Zero Car / Brand Blindness

Zero Car - Brand Blindness

The 1961 Saab 96 driven by Bruce Turk was the Zero Car again for the International Rally New York event. This beauty is photogenic; telephoto or wide-angle... Bruce is also the President of the Vintage Saab Club Of North America.

At the time of the writing of the earlier post, Saab had an uncertain future. It looks like it will share the fate of the Volvo cars division; it is likely to be bought by Chinese car-makers.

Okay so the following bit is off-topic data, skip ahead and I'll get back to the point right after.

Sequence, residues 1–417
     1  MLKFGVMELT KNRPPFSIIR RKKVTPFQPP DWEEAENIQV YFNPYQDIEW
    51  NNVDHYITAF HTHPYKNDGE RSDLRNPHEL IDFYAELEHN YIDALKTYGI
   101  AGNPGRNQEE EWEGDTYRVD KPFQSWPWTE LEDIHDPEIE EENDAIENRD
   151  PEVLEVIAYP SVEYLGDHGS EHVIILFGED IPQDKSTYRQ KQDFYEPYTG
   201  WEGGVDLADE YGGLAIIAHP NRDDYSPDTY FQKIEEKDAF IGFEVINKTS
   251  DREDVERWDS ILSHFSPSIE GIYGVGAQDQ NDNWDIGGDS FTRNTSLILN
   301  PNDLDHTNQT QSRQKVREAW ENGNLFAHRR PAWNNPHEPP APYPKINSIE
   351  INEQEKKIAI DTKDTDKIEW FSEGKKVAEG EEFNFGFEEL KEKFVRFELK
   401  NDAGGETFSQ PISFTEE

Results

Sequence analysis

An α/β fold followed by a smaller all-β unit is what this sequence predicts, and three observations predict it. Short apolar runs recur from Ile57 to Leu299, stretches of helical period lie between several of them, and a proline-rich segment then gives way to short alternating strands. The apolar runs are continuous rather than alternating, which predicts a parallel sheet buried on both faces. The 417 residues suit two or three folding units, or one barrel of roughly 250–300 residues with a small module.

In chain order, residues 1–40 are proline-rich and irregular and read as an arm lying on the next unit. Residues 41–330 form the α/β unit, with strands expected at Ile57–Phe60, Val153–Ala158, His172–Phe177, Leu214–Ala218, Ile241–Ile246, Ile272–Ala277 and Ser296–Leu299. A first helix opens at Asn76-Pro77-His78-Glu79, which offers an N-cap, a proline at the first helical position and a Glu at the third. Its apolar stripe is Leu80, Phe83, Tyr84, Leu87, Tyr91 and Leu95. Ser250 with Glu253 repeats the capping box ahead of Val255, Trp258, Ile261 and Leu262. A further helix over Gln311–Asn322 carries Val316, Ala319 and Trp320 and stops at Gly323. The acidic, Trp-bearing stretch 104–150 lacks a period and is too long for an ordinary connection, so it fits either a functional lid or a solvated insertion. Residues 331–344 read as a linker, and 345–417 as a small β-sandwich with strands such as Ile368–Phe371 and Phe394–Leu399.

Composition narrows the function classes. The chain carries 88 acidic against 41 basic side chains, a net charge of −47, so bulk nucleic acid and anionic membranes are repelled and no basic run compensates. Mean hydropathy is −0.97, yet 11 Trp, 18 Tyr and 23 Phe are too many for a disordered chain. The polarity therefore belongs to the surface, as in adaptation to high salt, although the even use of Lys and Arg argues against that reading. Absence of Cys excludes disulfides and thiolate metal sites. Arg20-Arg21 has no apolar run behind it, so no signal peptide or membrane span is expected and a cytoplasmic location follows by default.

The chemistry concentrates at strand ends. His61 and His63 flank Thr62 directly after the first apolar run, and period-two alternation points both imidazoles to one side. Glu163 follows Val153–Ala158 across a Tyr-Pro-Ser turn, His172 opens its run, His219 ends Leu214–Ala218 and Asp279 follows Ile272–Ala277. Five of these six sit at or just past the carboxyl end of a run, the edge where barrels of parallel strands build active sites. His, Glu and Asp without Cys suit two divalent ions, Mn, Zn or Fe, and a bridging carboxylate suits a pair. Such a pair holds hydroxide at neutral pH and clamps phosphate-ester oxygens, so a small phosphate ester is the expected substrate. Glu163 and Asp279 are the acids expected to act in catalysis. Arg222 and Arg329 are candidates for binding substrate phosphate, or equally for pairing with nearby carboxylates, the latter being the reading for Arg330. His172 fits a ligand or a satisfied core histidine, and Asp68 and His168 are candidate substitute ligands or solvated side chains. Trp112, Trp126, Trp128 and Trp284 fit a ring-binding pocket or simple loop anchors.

In most industries throughout the 20th Century, innovation and distinction sold products. Manufacturers were not afraid to try different things. Some concentrated their efforts on customer experience, others on safety, others on simplicity, and some others on practicality or price. These days most products have merged these aspects and are built for consumption in a disposable way. There isn't that much difference between a Mercedes and a Lexus. Maybe cup holders? Swedish cars, traditionally renown for their safety are not any safer than Japanese cars. In the same classes, pretty much all cars are the same. Despite that, branding is still strong. Branding has become a deception based on past glory, rather than innovation or distinction. Brand blindness is no longer only a consequence of marketing or pricing mistakes. If you build bland products, in due time, it will not matter how well they are branded.
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